Feds may set back science education in California

The Modesto Bee

The latest spat over student testing boils down to this: California wants fourth-graders to understand how using different energy sources affects the environment. The federal government wants to know how many can screw in a light bulb.

If federal officials have their way, science students who spend their school year learning one thing (i.e., how pollution from fossil fuels creates smog) would take a year-end test based on something entirely different (like the basics of electrical circuits).

Welcome to Washington, D.C.’s through-the-looking-glass approach to student testing, where the priority is giving a test – any test – even if the exam bears little resemblance to what’s being taught in classrooms.

How did we get here? Like many other states, California recently adopted new learning goals for science, replacing standards that were nearly 20 years old. Known as the Next Generation Science Standards, they call for students to learn to think and work like scientists and engineers – asking lots of questions, and learning through hands-on investigation and discovery.

Working with science teachers, California is developing a new test to match the new standards, which place a new emphasis on scientific thinking and reasoning. A statewide pilot of the test will be given this spring to all students in grades 5 and 8, and in one grade at every high school.

But creating a new test takes time, and the new exam will not be ready for full-scale use until the spring of 2019. In the meantime, California is seeking a waiver of federal regulations so that students will not have to take both the old science test and the new pilot.

So far, federal officials have turned them down. That’s the wrong call, one that threatens to let the testing tail wag the learning dog.

Statewide tests don’t just measure student performance – they also serve as a powerful signal of the state’s learning goals to teachers and schools. The way we measure what students know and can do has a profound effect on what happens in the classroom. By putting its focus on the new pilot test, California is encouraging every school to embrace and implement the new science standards.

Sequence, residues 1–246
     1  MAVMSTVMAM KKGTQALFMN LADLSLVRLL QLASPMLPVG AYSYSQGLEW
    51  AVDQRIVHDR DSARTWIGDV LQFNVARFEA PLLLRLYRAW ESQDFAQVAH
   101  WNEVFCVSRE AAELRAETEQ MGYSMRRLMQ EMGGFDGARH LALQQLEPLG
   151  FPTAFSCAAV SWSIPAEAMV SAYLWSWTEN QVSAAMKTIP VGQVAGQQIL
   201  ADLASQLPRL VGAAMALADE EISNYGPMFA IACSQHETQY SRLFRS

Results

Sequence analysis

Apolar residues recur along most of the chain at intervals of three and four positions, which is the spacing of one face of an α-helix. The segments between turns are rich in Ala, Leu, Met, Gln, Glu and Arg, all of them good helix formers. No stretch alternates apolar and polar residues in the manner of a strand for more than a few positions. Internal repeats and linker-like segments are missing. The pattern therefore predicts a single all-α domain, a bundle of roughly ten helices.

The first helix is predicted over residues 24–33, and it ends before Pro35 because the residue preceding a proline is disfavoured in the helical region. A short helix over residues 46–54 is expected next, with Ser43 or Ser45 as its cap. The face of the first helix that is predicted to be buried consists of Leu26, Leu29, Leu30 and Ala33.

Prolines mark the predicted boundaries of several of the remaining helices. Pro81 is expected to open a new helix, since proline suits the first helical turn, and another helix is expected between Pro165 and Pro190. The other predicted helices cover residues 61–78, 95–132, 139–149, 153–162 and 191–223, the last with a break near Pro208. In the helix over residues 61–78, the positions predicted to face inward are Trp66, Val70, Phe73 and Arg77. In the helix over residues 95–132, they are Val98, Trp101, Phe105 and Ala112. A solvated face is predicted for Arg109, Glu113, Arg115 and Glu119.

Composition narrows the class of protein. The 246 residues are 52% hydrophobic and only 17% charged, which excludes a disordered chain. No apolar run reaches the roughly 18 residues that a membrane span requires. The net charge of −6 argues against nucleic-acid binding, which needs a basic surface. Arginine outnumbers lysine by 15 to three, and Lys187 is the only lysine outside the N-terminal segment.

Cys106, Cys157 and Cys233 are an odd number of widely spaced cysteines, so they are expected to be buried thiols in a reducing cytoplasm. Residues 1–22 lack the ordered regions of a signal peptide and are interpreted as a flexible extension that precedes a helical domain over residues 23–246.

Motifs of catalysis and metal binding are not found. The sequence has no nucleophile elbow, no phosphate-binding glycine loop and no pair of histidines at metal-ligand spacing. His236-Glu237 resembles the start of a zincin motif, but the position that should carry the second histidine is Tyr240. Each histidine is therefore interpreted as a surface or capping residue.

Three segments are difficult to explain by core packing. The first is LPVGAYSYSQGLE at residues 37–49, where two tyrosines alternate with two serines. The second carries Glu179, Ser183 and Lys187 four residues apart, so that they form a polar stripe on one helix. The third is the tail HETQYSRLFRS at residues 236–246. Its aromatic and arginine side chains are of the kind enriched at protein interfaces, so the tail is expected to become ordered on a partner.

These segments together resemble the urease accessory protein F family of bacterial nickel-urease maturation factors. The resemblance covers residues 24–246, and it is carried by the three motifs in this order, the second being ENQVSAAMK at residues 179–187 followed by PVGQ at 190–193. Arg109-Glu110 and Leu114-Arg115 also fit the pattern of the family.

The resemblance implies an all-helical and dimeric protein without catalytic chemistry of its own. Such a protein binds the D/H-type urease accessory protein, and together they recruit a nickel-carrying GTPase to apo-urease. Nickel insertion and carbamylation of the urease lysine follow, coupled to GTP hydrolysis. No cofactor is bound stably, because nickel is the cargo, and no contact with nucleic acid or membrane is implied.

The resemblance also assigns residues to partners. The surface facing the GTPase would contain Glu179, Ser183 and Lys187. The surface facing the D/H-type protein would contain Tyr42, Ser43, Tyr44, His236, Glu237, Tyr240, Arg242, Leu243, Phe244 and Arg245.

California’s science teachers are deeply involved in developing these new tests, from writing and reviewing potential test questions to ensuring the assessment reliably measures student performance. Their input helps ensure the quality of the new test and also helps them incorporate the new science standards into their daily classroom teaching.

Taking the old science tests off the shelf at this point would only serve as a distraction from that work, while telling us little if anything about student achievement.

We’ve been through this before. California ran into the same kind of opposition from the federal government over its new mathematics and reading tests several years ago. The state stood its ground, and eventually the federal government dropped its threat to withhold education funding as punishment.

Since then, the state has built a proven track record of bringing new tests on line. With more students and more schools than any other state, implementing new assessments in California is a complex process. By taking a deliberate approach to expanding and improving its testing system, California avoided the mishaps faced by other states.

It only makes sense to do the same when it comes to science. Statewide assessments are valuable because they represent a common yardstick – a way to measure the progress of all students at the same time in the same way.

But even the most useful tools need to be replaced when they stop working. There’s still time for the federal Department of Education to see the light and grant California’s request. Let’s hope they do.

After all, a burned-out bulb won’t light up a room, no matter how long we require students to go on flipping the switch.

Paul Hefner is a communications and education consultant based in Sacramento. Contact him at